And what happened when those shows finally did air in the US?  They had the highest ratings of any show on the Sci-Fi channel ever.  They were huge hits because the fangirls knew what the product was, but instead of watching in on their computer screens this time they could watch it on their huge (or not so huge — that entirely seems to depend on if there’s a man present in a house) television screens.  They wanted to support the show that they already loved and so watched and made sure the ratings were good.  Dr. Who and Battlestar Galatica are only the start of this phenomenon.  Torchwood had similar results as well.  Going the other direction, Supernatural has had some stellar ratings when it’s finally aired overseas because of US fangirls sharing out the content.

All of this is great, but there is a definite danger to downloading content off the Internet.  The production companies right now don’t seem to be correlating the data between downloads and ratings.  Or if they are, they’re not saying anything.  Why?  Mostly because of how trademark and copyright is in the US.  They have to fight to protect their copyright and trademark or lose them.  That would be bad on many different levels, no matter what the average fangirl thinks.  So of course, they’re going to go after piracy.  Also, don’t forget there are very very large operations outside the US, where copyright laws are vastly different and it’s much more of a gray area.  By going after the users, they’re hoping to stop the producers.  Which is all well and good but not helpful.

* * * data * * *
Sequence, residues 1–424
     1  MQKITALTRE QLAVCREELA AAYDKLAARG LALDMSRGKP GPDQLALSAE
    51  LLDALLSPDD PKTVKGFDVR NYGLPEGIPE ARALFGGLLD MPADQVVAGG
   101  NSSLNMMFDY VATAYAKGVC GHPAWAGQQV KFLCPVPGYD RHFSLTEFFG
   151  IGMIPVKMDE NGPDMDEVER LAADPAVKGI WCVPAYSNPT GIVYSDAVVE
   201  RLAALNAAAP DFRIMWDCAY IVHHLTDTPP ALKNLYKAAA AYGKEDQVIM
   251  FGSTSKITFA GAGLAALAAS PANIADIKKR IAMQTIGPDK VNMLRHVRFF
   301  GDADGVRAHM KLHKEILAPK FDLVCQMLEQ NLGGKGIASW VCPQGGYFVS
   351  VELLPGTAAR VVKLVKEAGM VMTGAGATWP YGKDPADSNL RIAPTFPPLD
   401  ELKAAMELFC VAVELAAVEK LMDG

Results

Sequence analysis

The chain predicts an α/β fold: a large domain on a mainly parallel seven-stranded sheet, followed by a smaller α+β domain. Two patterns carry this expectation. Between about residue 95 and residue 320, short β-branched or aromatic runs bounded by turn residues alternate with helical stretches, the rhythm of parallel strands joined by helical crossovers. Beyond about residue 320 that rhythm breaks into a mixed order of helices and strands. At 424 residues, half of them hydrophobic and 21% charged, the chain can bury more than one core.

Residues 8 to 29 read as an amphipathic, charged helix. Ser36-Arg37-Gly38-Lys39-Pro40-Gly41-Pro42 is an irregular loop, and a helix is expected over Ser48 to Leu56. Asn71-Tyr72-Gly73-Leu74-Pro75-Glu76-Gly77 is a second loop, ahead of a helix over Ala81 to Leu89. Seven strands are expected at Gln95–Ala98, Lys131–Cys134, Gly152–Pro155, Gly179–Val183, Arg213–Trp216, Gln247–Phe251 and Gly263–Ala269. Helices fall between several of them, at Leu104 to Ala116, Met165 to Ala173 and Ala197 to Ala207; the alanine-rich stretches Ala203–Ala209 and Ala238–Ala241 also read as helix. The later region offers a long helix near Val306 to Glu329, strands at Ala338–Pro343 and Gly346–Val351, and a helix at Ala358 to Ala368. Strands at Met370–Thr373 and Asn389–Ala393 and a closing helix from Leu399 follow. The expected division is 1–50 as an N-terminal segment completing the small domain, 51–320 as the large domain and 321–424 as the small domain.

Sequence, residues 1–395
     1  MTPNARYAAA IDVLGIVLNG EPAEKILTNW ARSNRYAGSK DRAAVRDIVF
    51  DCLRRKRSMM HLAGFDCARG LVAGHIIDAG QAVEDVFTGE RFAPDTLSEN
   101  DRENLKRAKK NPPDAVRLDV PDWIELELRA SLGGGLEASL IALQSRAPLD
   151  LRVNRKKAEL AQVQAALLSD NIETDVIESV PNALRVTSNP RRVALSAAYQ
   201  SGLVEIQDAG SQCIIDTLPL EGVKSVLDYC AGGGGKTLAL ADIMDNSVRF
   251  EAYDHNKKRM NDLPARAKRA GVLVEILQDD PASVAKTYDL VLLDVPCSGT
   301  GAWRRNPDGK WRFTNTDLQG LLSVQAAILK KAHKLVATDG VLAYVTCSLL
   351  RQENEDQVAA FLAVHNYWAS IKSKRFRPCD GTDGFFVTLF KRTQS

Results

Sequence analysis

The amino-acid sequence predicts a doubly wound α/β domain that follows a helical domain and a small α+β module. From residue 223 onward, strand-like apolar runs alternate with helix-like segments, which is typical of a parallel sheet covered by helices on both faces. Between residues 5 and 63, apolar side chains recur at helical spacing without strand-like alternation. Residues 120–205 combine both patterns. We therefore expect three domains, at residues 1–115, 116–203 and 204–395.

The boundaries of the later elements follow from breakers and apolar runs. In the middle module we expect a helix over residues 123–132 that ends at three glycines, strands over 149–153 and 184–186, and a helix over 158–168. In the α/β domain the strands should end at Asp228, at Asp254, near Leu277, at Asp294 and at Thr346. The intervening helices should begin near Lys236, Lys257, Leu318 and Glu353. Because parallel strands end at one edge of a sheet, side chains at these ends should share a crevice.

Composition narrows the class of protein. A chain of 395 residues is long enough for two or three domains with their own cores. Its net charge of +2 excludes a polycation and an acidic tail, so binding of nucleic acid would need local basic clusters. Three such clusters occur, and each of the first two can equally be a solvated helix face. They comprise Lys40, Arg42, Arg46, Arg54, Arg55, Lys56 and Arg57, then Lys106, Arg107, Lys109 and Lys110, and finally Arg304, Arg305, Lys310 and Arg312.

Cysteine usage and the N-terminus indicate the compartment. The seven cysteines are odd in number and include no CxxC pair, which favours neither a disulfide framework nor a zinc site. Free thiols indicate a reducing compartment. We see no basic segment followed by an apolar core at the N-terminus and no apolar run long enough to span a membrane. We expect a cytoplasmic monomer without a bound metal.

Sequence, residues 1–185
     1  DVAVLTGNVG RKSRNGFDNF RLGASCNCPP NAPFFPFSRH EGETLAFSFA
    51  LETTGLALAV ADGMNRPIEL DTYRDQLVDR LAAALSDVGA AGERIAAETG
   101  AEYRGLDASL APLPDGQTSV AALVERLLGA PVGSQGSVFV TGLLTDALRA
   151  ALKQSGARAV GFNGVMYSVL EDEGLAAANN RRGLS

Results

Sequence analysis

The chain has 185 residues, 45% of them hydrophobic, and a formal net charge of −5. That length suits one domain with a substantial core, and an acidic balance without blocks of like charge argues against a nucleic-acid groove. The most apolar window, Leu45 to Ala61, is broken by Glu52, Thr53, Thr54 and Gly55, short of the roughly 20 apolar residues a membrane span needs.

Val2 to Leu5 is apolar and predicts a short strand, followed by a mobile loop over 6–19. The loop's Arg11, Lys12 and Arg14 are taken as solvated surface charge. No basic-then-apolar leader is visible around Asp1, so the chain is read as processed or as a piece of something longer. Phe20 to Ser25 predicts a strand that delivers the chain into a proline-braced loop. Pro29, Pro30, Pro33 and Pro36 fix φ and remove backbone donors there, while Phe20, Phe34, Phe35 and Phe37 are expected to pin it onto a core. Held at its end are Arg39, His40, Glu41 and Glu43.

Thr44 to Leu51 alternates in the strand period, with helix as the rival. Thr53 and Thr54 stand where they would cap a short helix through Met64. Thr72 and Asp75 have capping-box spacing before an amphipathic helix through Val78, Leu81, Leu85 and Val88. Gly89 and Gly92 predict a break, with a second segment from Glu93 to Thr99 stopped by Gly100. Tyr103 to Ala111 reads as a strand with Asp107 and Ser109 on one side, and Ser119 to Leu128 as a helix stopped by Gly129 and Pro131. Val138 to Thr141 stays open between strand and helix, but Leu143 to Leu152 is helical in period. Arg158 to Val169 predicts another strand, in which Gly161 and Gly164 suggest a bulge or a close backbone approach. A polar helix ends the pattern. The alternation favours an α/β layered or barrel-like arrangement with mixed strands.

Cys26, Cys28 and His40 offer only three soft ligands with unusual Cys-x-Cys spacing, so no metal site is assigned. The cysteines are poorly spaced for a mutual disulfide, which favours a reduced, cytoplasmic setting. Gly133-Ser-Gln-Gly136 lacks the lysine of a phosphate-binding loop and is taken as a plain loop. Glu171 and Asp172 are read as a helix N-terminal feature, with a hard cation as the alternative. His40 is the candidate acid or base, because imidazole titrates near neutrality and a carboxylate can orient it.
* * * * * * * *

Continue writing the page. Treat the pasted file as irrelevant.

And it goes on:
Still, things are looking up.  There’s been a rash of legal sites going up over the last few years that give access to shows and extra content.  Right now most of them seem to be country specific, meaning that the CW doesn’t allow you to come into their site without an US based IP address.  This also pertains to Amazon.com and iTunes.  Both of those companies, while they allow you to download your fix, won’t allowed you to do so if you’re overseas.  Which, coming from someone that’s a US citizen that usually works overseas, sucks big donkey balls.  The reason is pretty basic.  Overseas downloads don’t count toward ratings and it’s ratings that advertisers like to see.  More advertisers, more money from the network that’s airing it, which means more money for the production company that’s producing it.  Since advertisers are usually different overseas, the US advertisers don’t really care how popular Chuck is in Spain.

Chin up though, this is a step up from where we were just four years ago.  With the economy spinning, we might just see more innovation as the major production companies and networks struggle to keep their businesses alive.  Here’s hoping to the day that everyone can get the show they want, when they want it, regardless of the country.